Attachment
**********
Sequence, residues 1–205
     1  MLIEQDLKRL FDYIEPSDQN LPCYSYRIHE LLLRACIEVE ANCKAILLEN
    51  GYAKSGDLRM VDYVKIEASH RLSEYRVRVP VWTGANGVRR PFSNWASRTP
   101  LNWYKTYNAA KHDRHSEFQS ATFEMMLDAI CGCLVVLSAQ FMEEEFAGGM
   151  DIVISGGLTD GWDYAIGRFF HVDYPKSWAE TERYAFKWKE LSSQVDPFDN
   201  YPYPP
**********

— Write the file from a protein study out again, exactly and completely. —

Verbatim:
Sequence, residues 1–205
     1  MLIEQDLKRL FDYIEPSDQN LPCYSYRIHE LLLRACIEVE ANCKAILLEN
    51  GYAKSGDLRM VDYVKIEASH RLSEYRVRVP VWTGANGVRR PFSNWASRTP
   101  LNWYKTYNAA KHDRHSEFQS ATFEMMLDAI CGCLVVLSAQ FMEEEFAGGM
   151  DIVISGGLTD GWDYAIGRFF HVDYPKSWAE TERYAFKWKE LSSQVDPFDN
   201  YPYPP